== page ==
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The Old Bowlero Bowl Still Stands—Sort Of

How the birth of a baby turned into bowling balls in Lemon Grove.

As memories fail, the mysteries prevail.

I decided to write a little history about Lemon Grove’s long gone bowling alley on Broadway. Should be cake—in the late 70s, my part-time job during college was at (another goner), right next door to the lanes.

Many burgers and sandwiches were ordered by the car dealer’s staff at the coffee shop inside the 50s-style bowling center. Seems like I even bowled a game or two at the place. The trouble started when I was not quite sure of the name: Bowl-something. No worries, just Google it. But the search for “Lemon Grove bowling alley” turned up pickings that were slim to none.

As I refined the search, it became apparent that this was not to be an easy strike. There was just no info on the former Grove business. I kept thinking it was called Bowlero—but the only local Bowlero found was the one in Mission Valley that became the Scottish Rite Temple in 1965. Then my keyword search stumbled onto a discussion site about silent comedians (which by itself is funny), and revealed a connection to a fellow named Skirball.

Here is the story about the man who built the bowling alley in Lemon Grove. Some readers might be familiar with the Skirball Cultural Center in Los Angeles. Jack Skirball’s big break came in 1938 when he produced Birth of a Baby, an early exploitation film that showed the actual birth of a child. Skirball became instantly famous from the controversy that surrounded showing the birthing experience on the big screen. He parlayed his success by producing Alfred Hitchcock’s early classic movies, Saboteur (1942) and Shadow of a Doubt (1943). The latter film was one of director Hitchcock’s favorites. Skirball subsequently produced films for many comedy greats, and even Bob Hope’s first movie.

In the 1950s, Skirball moved on to a new career as a real estate developer. Among other projects, he created elaborate bowling alleys called Bowleros, including two in San Diego. The former famous Hollywood producer liked America’s Finest City, and was responsible for creating Vacation Village on Mission Bay in 1962. It was one of the first vacation resorts in the country, and is now known as Paradise Point Resort.

I could not find much surviving material on Lemon Grove’s Bowlero. It was quite similar to the Mission Valley location, which opened its 55 lanes to much hoopla in 1955. Bowling was a very popular group activity at the time, and many of the bowling alleys featured lounges with live bands. I still remember standing by the nightclub door at the Parkway Bowl as a child, listening to the Cascades play “listen to the rhythm of the falling rain….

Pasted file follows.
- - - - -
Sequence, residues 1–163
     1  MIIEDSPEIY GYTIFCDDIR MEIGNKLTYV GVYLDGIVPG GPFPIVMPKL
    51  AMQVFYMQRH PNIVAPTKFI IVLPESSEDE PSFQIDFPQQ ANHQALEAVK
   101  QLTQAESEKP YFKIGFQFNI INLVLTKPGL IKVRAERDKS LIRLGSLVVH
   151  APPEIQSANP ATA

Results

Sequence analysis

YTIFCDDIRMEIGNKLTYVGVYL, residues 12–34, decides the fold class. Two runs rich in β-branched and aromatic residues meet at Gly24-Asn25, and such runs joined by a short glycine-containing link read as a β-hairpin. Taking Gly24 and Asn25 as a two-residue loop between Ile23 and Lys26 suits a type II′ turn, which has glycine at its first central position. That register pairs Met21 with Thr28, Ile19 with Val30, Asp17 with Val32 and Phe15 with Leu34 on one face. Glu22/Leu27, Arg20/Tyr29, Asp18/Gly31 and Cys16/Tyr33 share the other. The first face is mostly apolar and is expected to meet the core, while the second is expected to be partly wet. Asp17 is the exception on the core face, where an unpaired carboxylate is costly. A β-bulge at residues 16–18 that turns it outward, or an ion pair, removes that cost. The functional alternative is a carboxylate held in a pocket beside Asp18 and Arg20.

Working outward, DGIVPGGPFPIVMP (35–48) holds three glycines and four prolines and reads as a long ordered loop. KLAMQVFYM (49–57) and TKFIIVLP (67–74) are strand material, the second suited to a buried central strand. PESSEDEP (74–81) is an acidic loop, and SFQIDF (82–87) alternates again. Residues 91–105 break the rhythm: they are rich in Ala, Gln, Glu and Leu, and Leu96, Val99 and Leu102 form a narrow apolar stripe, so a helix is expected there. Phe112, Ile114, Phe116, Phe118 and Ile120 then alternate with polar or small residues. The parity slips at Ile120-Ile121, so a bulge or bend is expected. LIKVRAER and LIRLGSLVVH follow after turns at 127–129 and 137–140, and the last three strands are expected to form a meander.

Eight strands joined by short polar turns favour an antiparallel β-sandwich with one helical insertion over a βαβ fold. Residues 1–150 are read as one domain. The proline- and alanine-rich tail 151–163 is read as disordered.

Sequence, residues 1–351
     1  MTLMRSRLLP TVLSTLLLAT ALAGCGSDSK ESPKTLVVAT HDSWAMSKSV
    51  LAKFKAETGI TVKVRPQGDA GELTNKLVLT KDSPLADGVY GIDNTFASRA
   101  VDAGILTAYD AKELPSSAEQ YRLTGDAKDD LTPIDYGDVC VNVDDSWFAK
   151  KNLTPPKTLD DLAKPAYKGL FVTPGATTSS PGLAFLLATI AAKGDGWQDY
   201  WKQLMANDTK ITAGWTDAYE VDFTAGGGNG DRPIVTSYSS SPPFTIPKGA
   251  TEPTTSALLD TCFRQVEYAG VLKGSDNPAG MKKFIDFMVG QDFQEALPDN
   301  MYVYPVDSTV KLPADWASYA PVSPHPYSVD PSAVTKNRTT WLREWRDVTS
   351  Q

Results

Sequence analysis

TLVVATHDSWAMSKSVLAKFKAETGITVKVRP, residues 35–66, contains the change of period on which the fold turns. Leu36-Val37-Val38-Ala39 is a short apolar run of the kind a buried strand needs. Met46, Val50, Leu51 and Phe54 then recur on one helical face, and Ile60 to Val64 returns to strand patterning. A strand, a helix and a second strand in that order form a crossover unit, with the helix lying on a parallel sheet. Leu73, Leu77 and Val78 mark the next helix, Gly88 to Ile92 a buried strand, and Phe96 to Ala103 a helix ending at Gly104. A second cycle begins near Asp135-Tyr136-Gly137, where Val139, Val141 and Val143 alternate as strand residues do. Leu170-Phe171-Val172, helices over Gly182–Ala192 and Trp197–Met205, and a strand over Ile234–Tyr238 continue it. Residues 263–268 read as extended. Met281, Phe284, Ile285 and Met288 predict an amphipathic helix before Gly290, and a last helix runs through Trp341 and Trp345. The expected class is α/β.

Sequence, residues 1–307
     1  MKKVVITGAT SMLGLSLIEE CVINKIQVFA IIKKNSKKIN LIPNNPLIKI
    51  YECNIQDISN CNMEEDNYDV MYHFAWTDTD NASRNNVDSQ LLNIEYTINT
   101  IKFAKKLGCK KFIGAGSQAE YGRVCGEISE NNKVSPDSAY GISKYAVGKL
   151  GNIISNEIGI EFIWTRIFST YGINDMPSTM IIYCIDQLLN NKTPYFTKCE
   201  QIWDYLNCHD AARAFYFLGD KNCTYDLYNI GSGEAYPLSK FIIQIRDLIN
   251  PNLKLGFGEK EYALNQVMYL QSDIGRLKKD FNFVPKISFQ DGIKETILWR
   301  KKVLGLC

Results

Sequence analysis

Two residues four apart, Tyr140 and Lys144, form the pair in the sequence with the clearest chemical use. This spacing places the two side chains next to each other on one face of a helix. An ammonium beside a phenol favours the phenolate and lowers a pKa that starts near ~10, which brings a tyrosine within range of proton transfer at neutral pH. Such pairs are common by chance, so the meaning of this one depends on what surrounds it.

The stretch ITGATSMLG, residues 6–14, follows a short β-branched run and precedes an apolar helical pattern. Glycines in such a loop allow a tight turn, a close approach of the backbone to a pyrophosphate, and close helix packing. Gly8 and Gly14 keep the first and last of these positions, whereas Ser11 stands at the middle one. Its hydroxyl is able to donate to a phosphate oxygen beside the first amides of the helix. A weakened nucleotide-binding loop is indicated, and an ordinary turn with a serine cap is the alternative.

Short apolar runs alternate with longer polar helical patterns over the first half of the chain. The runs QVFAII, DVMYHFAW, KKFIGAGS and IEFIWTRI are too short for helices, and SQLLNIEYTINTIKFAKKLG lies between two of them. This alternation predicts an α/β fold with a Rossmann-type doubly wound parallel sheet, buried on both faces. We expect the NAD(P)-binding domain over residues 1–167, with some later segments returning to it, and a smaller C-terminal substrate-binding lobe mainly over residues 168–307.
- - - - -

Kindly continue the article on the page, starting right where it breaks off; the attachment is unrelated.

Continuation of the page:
My father bowled in three leagues, and carried a 200+ average. He was good. The funny part is when he finally rolled a perfect 300 game, he stopped bowling. Guess he had achieved his goal.

Today the former bowling alley at 7065 Broadway houses the County's  Family Resource Center, which provides services for CalWORKs, Food Stamps, Medi-Cal, Child Welfare Services and Child Care Services.

Oh, Lemon Grove, where has the fun gone?

Corky Lang July 21, 2011 at 07:12 AM
Thanks Vinnie and Steve for your comments. I used to keep score for my parent's bowling league at 25 cents a game. It taught me how to add up numbers in my head. This is a lost art.
Helen Ofield July 21, 2011 at 03:55 PM
This gets better and better! When the "new math" was developed in the 1960s and 1970s, it was simply a convoluted take on the "old math" involving counting (hello!) and visualizing. Of course, both have applications to learning to read, as well.
Alan Carlson July 06, 2012 at 07:43 PM
What a wonderful place Lemon Grove was. Spent many days and evenings at The Bolerro, The Denny's across the street, I remember the fashion shows put on by Walker Scotts there (Denny's) on Friday nights, The sporting goods store with the practice ski hill behind it, the grand opening of Alfa Beta I walked to that with my parents and got a free dinner. Remember the guy who picketed John Factor Volkswagon. The day the lumbar yard burned down. The fireworks show the night Lemon Grove became a city. So many great memories in my town so sad to see what it has turned into. My parents bought property and my dad built a house here in 1949, my sister died riding a horse here and I will probably never leave. Best climate on earth!
Helen Ofield July 06, 2012 at 08:16 PM
Alan, Do you have photographs of your family in Lemon Grove in the 1950s and beyond? Perhaps you might want to share a look by stopping by the Parsonage Museum on a Saturday between 11 a.m. and 2 p.m.
Alan Carlson July 06, 2012 at 09:23 PM
I have some posted on facebook, and there is a Lemon Grove Facebook group page with lots of cool old memories http://www.facebook.com/groups/211653308883816/

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